Doorbells at Dusk, edited by Evans Light and from Corpus Press, is a treasury of brand-new short stories from both modern masters and rising stars of dark fiction, covering a gamut of horror, literary fiction and suspense that is sure to thrill both horror aficionados and casual readers alike.
Contributors include: Josh Malerman, Lisa Lepovetsky, Chad Lutzke, Amber Fallon, Curtis M. Lawson, Sean Eads, Joshua Viola, Ian Welke, Charles Gramlich, Joanna Koch and Thomas Vaughn, along with contributions from Evans Light, Adam Light, Gregor Xane and Jason Parent.
After the successful release of the three-volume Bad Apples: Slices of Halloween Horror anthology series, co-creators Evans Light, Adam Light, Gregor Xane and Jason Parent of Corpus Press were driven by their love of the haunting season to use everything they’d learned to create the ultimate collection of Halloween tales.
Halloween is one of the biggest holidays for my family. My grandmother’s birthday is October 30th (Devil’s Night!) so we have a Halloween/birthday party every year with my small-but-extended family. We love to dress in full costume for the day and relive memories of Halloweens from our younger years.
This year, my Halloween season has been ushered in with some delightfully scary reads. I was very excited to read Doorbells at Dusk because I love short stories and because each story takes place on or around Halloween.
Doorbells at Dusk is an anthology of 14 stories each written by a different author. It was interesting to see the different writing styles of each author, and how each story varied in the type of scare that was prominent and the manner in which it was delivered (i.e. in your face vs. subtle and under the surface). Some stories had delicious plot twists that put my mind in a totally different direction from where it was headed when I started the story.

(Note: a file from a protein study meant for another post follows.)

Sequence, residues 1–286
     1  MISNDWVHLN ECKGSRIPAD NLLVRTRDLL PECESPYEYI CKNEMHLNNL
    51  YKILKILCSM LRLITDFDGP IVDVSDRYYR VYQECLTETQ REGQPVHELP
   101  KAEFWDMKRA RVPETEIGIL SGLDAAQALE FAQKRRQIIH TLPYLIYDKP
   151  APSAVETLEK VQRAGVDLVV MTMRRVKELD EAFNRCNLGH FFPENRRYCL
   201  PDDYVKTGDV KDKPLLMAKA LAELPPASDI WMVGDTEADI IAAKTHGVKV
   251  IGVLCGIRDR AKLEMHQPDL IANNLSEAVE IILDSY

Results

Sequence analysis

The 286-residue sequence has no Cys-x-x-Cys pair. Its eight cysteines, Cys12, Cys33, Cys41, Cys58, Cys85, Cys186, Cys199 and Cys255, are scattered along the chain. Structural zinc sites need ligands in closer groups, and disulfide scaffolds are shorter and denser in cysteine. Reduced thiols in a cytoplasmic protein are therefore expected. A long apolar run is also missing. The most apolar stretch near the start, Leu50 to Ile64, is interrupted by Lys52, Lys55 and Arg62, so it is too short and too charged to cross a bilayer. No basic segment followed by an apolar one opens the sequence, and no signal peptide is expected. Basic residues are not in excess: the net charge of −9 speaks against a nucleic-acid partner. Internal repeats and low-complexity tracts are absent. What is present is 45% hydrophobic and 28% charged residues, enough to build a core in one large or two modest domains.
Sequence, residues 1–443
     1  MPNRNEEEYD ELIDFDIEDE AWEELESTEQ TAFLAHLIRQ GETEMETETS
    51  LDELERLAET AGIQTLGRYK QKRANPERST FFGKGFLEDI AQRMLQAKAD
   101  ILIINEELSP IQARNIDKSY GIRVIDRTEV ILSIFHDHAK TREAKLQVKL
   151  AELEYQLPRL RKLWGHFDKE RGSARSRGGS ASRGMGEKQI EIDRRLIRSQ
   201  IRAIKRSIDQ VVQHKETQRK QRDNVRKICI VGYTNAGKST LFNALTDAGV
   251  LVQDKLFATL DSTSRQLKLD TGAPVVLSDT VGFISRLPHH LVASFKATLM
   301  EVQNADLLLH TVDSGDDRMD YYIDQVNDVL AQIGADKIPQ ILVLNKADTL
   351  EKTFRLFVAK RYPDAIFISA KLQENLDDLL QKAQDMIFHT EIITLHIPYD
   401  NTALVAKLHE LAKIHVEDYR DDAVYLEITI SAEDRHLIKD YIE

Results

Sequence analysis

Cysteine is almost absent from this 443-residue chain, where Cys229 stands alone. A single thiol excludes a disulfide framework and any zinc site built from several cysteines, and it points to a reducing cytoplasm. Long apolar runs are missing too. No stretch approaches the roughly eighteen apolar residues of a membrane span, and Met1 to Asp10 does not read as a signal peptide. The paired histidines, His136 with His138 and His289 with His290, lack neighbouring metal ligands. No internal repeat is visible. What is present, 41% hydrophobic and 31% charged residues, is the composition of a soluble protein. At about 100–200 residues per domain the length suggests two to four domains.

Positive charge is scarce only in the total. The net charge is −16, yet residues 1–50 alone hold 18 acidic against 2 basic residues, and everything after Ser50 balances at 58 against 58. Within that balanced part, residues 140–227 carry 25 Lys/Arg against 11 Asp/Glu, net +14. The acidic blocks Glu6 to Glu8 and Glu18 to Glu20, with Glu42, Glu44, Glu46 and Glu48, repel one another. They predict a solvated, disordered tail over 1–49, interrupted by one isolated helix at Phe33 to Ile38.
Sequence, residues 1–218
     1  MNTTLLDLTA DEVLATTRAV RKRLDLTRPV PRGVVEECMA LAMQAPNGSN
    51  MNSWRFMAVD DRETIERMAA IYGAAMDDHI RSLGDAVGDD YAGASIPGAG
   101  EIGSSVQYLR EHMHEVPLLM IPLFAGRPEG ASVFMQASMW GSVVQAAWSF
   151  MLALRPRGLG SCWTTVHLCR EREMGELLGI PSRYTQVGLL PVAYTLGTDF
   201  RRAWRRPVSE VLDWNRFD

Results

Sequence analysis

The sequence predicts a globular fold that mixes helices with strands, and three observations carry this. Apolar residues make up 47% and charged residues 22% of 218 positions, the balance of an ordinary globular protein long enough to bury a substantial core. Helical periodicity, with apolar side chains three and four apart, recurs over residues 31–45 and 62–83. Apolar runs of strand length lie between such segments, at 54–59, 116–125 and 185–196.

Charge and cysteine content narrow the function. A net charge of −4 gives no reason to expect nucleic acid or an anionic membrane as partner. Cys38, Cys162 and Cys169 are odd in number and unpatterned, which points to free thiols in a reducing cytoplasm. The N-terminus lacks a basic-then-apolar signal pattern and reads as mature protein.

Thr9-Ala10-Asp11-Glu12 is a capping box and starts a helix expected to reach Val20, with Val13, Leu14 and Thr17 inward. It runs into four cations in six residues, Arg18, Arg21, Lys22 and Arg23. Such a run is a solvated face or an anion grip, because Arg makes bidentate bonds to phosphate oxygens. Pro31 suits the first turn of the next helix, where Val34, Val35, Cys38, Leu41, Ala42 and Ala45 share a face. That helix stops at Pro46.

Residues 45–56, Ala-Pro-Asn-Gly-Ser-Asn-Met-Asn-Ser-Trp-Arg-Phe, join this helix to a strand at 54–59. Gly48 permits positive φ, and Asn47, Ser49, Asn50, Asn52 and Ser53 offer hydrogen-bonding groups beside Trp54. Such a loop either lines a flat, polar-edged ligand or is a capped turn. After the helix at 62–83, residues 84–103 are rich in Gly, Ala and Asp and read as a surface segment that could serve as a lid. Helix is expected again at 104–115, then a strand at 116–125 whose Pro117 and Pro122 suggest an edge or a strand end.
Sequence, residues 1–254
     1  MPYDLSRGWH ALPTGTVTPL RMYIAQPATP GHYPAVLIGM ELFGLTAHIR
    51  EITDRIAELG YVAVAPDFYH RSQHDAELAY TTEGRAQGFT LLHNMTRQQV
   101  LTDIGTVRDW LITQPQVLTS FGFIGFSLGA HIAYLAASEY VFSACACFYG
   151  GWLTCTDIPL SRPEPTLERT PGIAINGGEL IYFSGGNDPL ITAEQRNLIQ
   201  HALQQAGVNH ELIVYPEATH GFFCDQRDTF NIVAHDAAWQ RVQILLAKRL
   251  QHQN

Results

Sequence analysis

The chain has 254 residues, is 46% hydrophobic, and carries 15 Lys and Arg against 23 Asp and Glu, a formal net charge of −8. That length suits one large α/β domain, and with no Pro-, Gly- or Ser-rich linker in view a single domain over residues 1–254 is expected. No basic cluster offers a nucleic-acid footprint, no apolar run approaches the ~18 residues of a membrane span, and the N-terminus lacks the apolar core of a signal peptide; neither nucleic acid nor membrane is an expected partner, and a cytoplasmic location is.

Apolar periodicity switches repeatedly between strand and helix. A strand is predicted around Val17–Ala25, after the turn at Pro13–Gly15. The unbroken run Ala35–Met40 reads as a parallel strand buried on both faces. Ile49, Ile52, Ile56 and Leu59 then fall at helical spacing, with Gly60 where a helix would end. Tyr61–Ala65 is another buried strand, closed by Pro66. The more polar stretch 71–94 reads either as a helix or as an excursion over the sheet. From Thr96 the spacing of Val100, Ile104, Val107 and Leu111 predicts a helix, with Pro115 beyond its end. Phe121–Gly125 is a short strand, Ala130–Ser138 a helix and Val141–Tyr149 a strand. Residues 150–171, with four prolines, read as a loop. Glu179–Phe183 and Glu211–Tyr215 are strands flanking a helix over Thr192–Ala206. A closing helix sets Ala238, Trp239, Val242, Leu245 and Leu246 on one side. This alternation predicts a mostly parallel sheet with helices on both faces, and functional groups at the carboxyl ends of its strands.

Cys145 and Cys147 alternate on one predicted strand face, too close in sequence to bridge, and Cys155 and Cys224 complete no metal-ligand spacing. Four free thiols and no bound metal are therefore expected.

My absolute two favorite stories were Rusty Husk and The Friendly Man. I don’t want to give away too much of either story, but I liked them because they were gruesome and gory and dealt with particularly deranged characters. While reading both stories I wondered what I would do if I found out my neighbors had truths like theirs. Deliciously creepy stories that will haunt me for some time to come. The Vigil was a close third, as it played upon the mix of morbid curiosity and deep sadness for the victims involved in such a horrific neighborhood discovery.
There were only two stories in the book that really didn’t resonate with me (The Rye-Mother and Between). Both were beautifully written and certainly belonged in the book, but I simply favor a different type of creepiness.
Overall, Doorbells at Dusk showcases some very talented writers and their work. Many of the works in this anthology have me wanting to find more works from its author (and I just put Bad Apples on my TBR list). I highly recommend this to any horror book lover who wants to curl up and be immersed within creepy Halloween tales!